By Steven Donald Smith
WASHINGTON, Sep. 6, 2006 – When Jose Rojas went to pull a badly burned woman from a Pentagon window after Islamic extremists drove a commercial airliner headlong into the building, her skin came off in his hands. "I had to actually take my fingernails and dig into her flesh with her crying and screaming to get her out of the window," Rojas said, describing his efforts to help the victim of the Sept. 11, 2001, terrorist attacks on the United States.
Rojas, 43, a police officer with the Pentagon Force Protection Agency, the successor of the Defense Protective Service, was working that fateful morning at the Pentagon's remote delivery facility, where packages get inspected before entering the building.
A driver making a delivery asked the officers on duty if they had heard that an airplane had hit the World Trade Center in New York City. Rojas, his supervisor and two other officers immediately went into an adjacent office and turned on the television. They watched in disbelief as they learned that a second plane had also crashed into the trade center. "We all just looked at each other and said, 'We're next,'" Rojas recalled.
As he was about to exit the office to start spreading the word of what had happened in New York, the ground shook beneath his feet. "When I stepped out of the door, all I could see was a big mushroom ball of flames going up into the air," he said.
Rojas immediately ran toward the flames. What he witnessed when arrived near the crash site will haunt him for the rest of his life, he said. "This one guy was just holding his eye in his hand," he said.
The scene was chaotic. People were clamoring to get out of the building as fast as possible, many through windows. "I said to a bunch of people standing there, 'Let's see if we can get some of these people out," Rojas said. He went to a ground-floor window and began yelling for people to come toward his voice. "People just started appearing out of the thick, black smoke," he said.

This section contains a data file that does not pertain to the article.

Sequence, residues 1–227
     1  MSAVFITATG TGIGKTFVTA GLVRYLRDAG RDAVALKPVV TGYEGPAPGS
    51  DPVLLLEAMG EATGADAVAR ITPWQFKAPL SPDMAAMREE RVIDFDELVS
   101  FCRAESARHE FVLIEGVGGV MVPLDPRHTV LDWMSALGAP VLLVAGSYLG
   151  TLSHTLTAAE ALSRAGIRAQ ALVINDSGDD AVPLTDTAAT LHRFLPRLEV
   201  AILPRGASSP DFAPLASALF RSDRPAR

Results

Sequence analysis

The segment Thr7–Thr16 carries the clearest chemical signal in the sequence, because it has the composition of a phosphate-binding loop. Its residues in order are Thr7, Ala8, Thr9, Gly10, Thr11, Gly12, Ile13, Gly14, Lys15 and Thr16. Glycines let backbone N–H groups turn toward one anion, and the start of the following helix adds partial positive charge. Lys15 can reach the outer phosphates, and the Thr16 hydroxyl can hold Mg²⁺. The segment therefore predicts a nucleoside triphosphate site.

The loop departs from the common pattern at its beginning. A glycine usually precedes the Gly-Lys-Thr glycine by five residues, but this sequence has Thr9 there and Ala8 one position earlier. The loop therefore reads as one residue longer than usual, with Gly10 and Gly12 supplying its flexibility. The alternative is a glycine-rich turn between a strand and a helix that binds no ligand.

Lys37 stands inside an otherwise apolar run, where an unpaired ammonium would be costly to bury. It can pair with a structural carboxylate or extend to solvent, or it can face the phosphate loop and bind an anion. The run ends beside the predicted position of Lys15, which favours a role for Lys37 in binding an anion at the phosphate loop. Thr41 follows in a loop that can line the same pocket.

The first person he encountered at the window was the lady whose skin came off in his hands. Rojas, who had once been a fireman in his native U.S. Virgin Islands, said the severity of her burns surprised him. "I've seen burnt bodies," he said, "but this was bad."
He carried the woman away from the building and then ran back to the window, where he started pulling others to safety. "I was just trying get out as many as I could," he said.
Everything that followed the crash seemed to happen in slow motion, Rojas said, yet the details about the people he encountered throughout the day are lost to his memory. "I can't really remember any faces," he said.
When the fire department arrived, Rojas explained to them that he had been a fireman and asked if they wanted him to suit up. "I think they knew the building was getting ready to collapse, so they told us to get everybody back," he said.
A renovation project had recently been completed near the crash site, and numerous propane cylinders used for the project were still sitting in a fenced-in area, he said. When flames reached the tanks they began to explode. "These tanks were just shooting off up in the air. Poof! They were landing all over the place," he said.
Rojas stayed at the Pentagon until 2 a.m. Sept. 12. When he finally did go home, he said, he took a quick shower, briefly chatted with his wife and kids, and then went back to work.
"I was angry. Angry is being mild," he said. "My thing was, 'How dare they hit our house?' When we're on duty this is what we swore to protect."
His seething anger began to dissipate over time as he was heartened to see the country pull together. "I feel 9/11 brought the country a lot closer together," he said, "especially people."
Rojas said he and his fellow police officers were not well prepared to respond to this type of terrorist attack. "That was something never conceived," he said.
He said the force's procedures and training have improved drastically, and the agency has grown by several hundred officers since the attack. "Our officers are better prepared to deal with a major catastrophe. Training is 100 percent better now," he said.
Pentagon police officers now receive various specialty training, including counter-weapons of mass destruction training. "When the anthrax scare started, I was part of a three-man team that actually started (our) chemical, radiological, biological and nuclear unit," Rojas said. "We started the hazmat team where we'd actually go around sampling."
In addition, Rojas said PFPA's interaction with other federal agencies, like the FBI, is also now much better.
"It's tremendous the amount of respect the Pentagon police department and the agency as a whole gets now with other agencies. We didn't have this before," he said. "It makes me very proud."